NEW YORK — The harsh prison sentences handed down to seven Iranian Baha’i leaders who are absolutely innocent of any wrongdoing is a judgment against an entire religious community, the Baha’i International Community said today.
Nobel laureate Shirin Ebadi, whose Defenders of Human Rights Center represented the Baha’i defendants, said she was “stunned” by the reported 20-year jail terms.
“I have read their case file page by page and did not find anything proving the accusations, nor did I find any document that could prove the claims of the prosecutor,” said Mrs. Ebadi in a television interview, broadcast on 8 August by the Persian-language service of the BBC.
The flagrantly unjust sentence has provoked vehement protest from governments throughout the world – including Australia, Canada, France, Germany, the Netherlands, the U.K. and the U.S.A. The European Union and the President of the European Parliament have also joined the chorus of condemnation, along with numerous human rights organizations – including Amnesty International, Human Rights Watch and FIDH – as well as other groups, and countless individuals. Read international reaction here.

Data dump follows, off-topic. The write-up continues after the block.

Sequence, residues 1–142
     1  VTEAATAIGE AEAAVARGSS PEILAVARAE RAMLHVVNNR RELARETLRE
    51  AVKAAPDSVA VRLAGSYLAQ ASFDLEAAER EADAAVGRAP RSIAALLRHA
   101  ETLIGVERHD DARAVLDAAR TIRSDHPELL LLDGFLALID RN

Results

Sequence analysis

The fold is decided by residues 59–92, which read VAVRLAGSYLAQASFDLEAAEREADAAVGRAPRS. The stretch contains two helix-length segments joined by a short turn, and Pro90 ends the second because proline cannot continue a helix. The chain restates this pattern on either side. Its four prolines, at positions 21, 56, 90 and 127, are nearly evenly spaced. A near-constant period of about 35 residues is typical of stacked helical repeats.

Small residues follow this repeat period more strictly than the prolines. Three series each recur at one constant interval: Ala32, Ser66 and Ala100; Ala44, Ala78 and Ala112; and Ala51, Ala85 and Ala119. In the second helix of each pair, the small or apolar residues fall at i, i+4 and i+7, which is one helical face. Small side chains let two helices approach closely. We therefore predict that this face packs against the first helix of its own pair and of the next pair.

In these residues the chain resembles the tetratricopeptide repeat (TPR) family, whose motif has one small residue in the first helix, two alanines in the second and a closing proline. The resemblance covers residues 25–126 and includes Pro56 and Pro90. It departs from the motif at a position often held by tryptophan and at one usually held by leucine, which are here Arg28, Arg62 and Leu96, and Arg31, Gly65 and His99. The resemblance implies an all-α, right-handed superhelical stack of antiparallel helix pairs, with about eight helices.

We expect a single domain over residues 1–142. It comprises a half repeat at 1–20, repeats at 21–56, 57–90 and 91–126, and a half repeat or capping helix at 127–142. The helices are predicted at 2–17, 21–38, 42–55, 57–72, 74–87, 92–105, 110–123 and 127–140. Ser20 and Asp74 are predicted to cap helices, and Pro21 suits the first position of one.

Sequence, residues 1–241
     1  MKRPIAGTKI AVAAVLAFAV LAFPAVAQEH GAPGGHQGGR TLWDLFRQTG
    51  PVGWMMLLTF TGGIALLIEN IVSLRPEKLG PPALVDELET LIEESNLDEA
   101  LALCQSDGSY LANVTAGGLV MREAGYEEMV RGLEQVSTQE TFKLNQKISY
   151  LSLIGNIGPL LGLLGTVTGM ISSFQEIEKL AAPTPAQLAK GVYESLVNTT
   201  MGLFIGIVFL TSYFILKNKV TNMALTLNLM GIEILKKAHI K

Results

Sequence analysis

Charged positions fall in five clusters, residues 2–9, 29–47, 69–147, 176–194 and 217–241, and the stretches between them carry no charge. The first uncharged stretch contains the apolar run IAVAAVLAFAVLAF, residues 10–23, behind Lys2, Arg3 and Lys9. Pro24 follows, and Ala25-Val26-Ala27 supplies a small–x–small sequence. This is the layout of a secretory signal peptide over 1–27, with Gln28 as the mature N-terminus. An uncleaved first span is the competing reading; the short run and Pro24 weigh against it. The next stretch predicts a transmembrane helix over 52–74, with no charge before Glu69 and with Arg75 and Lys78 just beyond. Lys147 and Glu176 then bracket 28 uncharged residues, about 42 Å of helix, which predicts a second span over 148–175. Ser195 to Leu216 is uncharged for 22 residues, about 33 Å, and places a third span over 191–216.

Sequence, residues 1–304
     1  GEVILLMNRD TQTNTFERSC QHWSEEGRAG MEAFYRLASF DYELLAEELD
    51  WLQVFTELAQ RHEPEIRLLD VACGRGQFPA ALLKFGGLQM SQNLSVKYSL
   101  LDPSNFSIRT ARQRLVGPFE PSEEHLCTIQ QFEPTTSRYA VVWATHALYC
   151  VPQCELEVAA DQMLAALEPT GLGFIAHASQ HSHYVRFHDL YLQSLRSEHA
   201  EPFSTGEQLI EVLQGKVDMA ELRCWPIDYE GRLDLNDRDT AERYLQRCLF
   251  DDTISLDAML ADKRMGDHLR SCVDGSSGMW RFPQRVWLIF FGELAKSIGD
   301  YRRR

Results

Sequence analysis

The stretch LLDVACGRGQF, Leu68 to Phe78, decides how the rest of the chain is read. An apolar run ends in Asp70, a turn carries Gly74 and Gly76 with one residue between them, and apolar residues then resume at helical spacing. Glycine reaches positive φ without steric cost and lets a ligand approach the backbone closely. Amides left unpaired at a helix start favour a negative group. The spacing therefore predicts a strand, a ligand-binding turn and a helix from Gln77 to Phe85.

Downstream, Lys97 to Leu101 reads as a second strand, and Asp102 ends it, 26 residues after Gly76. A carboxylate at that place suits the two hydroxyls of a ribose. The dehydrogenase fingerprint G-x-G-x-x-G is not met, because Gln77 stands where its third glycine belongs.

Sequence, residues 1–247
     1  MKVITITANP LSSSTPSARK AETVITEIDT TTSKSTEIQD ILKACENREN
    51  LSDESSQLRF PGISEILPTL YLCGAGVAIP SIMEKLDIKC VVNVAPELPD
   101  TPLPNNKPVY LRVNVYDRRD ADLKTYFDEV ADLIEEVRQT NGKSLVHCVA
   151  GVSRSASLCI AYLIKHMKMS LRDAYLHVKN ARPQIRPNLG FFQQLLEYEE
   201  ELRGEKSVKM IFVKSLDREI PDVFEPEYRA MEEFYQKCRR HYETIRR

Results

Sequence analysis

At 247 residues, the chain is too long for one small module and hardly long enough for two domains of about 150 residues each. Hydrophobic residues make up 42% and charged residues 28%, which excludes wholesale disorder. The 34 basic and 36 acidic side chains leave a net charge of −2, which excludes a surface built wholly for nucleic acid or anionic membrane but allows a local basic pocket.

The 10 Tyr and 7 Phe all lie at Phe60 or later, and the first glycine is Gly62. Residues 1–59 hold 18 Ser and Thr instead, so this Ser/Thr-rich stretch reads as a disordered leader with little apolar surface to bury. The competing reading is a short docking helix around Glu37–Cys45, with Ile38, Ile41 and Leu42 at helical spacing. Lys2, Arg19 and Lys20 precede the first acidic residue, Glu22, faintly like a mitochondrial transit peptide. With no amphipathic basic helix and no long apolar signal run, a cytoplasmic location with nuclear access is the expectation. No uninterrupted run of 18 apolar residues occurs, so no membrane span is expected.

“The trumped-up charges, and the total lack of any credible evidence against these seven prisoners, reflects the false accusations and misinformation that Iran’s regime has used to vilify and defame a peaceful, religious community for an entire generation,” said Bani Dugal, the principal representative of the Baha’i International Community to the United Nations.
Ms. Dugal noted that the seven have reportedly been transferred to Gohardasht Prison in Karaj, a facility about 20 kilometers west of Tehran. “The reason for the move is not yet known and it is too early to assess the implications for the prisoners,” she said. “It does, however, clearly impose an added burden to their families, who now have to travel outside Tehran to visit their loved ones.”